To see the work from a school-level lens, Krone Phillips recounts Hancock High’s remarkable turnaround using Freshman OnTrack. At first, the Hancock story reads a bit like a traditional ed-reform narrative—idealistic principal Pam Glynn pushes her team of skeptical, mostly-White teachers to believe in their working-class Mexican-American students and raise their expectations for them. (Glynn also pushes out the most change-resistant staff and hires top teachers away from other schools. More of the new hires share their students’ ethnic background.)
One element that sets the Hancock story apart is Glynn’s insistence on putting student survey data in front of teachers to challenge their perceptions. When Glynn showed the faculty the numbers of students telling them they didn’t find courses challenging enough, some teachers began to take a look in the mirror.
That’s when the Hancock story becomes truly interesting. Changing a school where adults don’t believe in kids is like working with a clinically depressed person—they have to make changes on the inside before changes in outcomes can take place.
In Hancock’s case, Glynn pounded hard on teachers to change their belief systems and face the reality that students were both under-challenged and under-supported. Her successor, Karen Boran, continued the work and, with help from the Network for College Success, built teams and systems to sustain it no matter who led the school. By 2016, Hancock had yet another new principal, yet the school had maintained more than 90 percent of freshmen on track to graduate for three years running.
Ultimately, Hancock’s success in getting and keeping its freshmen on track did not rely on fixing (or firing) individual teachers in isolation, but on building a shared culture of improvement and common knowledge among staff about how to support students. Hancock also made the shift from looking at data as a nightstick with which to blame and punish people to viewing it as a dipstick to diagnose problems and look for solutions.
The Hancock story also shows that once one problem is resolved, similar collaboration and problem solving among adults can be put to work on new problems, like ensuring students are prepared to persist and succeed in college.
Nurturing Kids Demands A Push for Equity
The Tilden chapters are far and away the most compelling parts of the book, where we get close to a handful of young teens and the adults who support them. While, as always, it’s the kids who drive the story, the adult character who stands out is Tilden’s principal, Maurice Swinney, who strives to keep his freshmen on track while facing massive budget cuts and coping with the death of his own father.
“All the things that my Tilden kids do now, I’ve done,” he says, including using the b-word on his ninth-grade math teacher. His empathy for his students, plus their dwindling numbers, creates an opportunity to build deeply nurturing relationships.
But Swinney’s approach to keeping kids on track demands a lot from adults. Some of the tactics are highly controversial, including retroactive grade changes for a student who drastically improved his grades in second semester. The dean of discipline and the external partner who runs Tilden’s Peace Room expend precious time and energy debating what constitutes “coddling” an angry teen versus teaching him to manage his emotions on his own. Eventually, after much angst, the school’s freshman-on-track coordinator, English teacher Sharon Holmes, decides the work is taking too much out of her, and leaves.
Since the publication of this book, Swinney has been promoted to head the district’s new equity office. A crucial part of his mission will be working on policies and resources to support schools like Tilden, where a massive infusion of federal grant money helped boost the school’s freshmen on-track rate to a high of 84 percent, only to see it drop 20 percentage points once the grant ended.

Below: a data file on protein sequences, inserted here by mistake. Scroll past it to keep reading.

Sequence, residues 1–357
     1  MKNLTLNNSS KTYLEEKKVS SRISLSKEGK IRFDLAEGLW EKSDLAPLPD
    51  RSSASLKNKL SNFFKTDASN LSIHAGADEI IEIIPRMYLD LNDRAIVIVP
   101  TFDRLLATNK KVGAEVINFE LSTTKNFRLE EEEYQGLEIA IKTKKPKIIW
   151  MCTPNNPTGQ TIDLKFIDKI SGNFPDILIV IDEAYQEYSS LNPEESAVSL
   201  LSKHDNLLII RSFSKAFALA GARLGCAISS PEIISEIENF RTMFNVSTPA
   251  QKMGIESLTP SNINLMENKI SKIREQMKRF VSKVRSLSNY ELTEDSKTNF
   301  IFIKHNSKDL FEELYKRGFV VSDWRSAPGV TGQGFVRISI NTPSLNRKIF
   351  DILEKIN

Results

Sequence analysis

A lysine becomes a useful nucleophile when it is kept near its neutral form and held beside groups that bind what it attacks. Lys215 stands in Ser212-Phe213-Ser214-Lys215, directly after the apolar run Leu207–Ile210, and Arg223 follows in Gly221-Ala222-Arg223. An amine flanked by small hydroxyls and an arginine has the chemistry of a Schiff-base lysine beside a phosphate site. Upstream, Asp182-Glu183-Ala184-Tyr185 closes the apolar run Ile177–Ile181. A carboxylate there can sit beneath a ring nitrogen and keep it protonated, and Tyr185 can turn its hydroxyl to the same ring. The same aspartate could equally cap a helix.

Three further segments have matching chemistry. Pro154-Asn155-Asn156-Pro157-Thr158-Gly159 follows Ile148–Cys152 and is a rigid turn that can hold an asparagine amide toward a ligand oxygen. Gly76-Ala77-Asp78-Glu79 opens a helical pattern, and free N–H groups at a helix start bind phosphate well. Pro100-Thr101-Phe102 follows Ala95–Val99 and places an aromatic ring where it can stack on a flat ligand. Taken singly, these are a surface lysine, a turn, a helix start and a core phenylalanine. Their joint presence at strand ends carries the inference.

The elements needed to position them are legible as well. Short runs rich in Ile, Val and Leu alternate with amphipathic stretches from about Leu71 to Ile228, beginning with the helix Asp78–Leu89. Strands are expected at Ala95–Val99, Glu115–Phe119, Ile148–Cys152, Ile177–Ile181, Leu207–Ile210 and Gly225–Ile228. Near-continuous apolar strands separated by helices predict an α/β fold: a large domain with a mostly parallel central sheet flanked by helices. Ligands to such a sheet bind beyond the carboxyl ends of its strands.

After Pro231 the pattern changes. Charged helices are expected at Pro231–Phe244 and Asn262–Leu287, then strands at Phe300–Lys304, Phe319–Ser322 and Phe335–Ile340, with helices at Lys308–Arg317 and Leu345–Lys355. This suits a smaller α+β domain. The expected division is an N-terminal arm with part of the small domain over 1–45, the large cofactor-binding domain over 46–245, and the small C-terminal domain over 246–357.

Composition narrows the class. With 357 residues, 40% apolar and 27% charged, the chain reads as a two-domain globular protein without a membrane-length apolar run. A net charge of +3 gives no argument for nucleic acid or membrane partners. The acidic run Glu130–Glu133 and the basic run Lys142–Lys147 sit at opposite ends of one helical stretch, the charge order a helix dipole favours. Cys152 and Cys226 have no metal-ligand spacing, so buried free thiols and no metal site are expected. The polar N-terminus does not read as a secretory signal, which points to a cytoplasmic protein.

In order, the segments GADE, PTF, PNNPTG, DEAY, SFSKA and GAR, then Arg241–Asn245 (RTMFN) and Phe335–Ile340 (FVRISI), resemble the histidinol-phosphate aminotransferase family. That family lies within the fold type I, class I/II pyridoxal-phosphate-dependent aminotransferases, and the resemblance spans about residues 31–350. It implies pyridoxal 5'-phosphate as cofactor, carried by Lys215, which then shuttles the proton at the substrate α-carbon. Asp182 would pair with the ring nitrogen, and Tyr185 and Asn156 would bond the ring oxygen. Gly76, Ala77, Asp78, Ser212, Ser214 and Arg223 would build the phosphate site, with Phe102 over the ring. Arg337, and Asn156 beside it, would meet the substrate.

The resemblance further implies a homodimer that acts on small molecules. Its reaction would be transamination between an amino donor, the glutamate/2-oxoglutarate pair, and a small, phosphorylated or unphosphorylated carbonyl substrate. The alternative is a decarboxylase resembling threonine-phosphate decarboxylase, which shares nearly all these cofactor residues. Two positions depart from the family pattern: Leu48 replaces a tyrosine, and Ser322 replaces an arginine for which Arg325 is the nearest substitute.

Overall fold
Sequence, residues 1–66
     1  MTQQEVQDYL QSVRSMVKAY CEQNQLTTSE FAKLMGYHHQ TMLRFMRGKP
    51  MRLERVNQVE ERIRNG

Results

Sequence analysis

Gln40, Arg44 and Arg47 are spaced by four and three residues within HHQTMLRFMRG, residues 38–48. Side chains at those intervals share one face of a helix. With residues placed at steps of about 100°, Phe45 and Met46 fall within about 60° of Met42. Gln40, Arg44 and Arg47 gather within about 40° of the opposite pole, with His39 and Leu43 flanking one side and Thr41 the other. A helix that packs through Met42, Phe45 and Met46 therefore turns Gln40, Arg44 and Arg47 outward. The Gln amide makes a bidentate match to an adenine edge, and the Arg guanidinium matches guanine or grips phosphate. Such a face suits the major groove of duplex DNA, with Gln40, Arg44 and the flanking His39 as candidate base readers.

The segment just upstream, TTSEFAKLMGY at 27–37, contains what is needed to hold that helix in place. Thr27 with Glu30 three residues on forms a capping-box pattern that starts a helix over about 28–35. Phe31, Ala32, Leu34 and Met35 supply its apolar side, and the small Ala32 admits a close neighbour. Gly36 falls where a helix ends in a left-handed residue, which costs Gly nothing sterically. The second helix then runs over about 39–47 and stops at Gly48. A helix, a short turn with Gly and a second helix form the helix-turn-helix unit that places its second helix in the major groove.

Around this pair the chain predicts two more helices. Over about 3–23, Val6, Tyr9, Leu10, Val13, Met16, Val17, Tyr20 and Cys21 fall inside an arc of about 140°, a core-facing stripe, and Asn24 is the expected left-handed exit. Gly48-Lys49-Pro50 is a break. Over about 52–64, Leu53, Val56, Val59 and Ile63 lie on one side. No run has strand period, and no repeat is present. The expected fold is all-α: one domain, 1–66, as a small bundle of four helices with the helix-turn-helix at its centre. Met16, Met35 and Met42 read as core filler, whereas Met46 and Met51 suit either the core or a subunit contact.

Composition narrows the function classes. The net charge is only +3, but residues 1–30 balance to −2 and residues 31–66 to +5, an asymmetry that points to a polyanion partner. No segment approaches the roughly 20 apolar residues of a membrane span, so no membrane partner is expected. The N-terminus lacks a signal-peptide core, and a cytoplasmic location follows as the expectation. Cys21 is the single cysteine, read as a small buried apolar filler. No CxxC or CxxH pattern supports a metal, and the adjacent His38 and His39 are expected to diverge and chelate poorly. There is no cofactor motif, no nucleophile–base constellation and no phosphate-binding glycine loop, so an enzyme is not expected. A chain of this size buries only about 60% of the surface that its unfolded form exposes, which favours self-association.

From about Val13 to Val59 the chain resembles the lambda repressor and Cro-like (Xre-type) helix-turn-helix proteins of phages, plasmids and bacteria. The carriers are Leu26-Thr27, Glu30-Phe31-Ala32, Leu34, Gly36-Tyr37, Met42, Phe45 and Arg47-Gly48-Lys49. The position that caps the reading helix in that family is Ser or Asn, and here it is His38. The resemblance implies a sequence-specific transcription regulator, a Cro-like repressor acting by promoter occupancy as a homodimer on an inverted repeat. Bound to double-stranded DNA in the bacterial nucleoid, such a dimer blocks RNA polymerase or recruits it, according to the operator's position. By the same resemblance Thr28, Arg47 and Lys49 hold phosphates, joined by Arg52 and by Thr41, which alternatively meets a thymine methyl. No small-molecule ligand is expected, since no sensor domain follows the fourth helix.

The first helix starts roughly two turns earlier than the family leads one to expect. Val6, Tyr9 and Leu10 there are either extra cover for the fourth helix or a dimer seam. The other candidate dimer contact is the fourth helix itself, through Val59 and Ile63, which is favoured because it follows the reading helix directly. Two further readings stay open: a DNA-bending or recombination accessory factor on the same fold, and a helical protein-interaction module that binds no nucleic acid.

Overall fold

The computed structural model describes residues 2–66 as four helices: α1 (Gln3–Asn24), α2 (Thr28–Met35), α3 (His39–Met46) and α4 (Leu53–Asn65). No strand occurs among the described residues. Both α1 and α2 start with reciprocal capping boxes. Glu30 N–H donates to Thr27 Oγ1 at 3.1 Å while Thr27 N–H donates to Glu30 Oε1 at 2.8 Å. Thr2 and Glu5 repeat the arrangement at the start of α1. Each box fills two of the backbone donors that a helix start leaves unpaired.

Only time will tell if Swinney and other district leaders can find a way to avoid the pitfalls of top-down policy solutions, even when they come with dollars, and make smart, strategic and sustainable investments that promote equity and solve the next round of challenges Chicago faces in helping its students succeed in school and in life.
Lasting Solutions Come from People Closest to the Problem
Much of Krone Phillips’ Chicago narrative parallels the national arc of school reform. Early, stringent emphasis on accountability pried open classroom doors and created urgency around the need to change adult beliefs and practices that weren’t serving students, especially those facing disadvantage due to race or economic status.
But the next phase of improvement calls for a more open-ended approach to problem solving and a recognition of the talent and expertise already present within schools. It also requires district, state and federal leaders to strike a delicate balance between offering resources, setting realistic goals and creating clear structures for support and accountability. New York’s recent experience with Mayor Bill de Blasio’s Renewal initiative—big promises, big money spent, small and unclear returns on investment—shows how hard it is to get that balance right.
School improvement work is messy, and much as we wish there were silver bullets, even the Freshman OnTrack measure is not one of them. When the Dallas Independent School District tried to follow Chicago’s lead by focusing on its freshman on-track rate and changing grading policies, a popular backlash against “no-zero” grading policies likely entrenched teachers in an ineffective “don’t coddle them!” mindset. Dallas never managed to significantly reduce freshman course failures and its on-track rates actually declined.
“The Make-or-Break Year” is an important, and sobering, contribution to the conversation around education reform. It keeps us honest and realistic about what it takes to make real change in a school system. It also keeps us honest about the realities that lasting solutions come from the people closest to the problems, and one solution in one place may not transport well to another. Perhaps the most important lesson of the book is that Chicago’s transformational journey took more than two decades. As New York is re-discovering, lasting change doesn’t usually happen fast.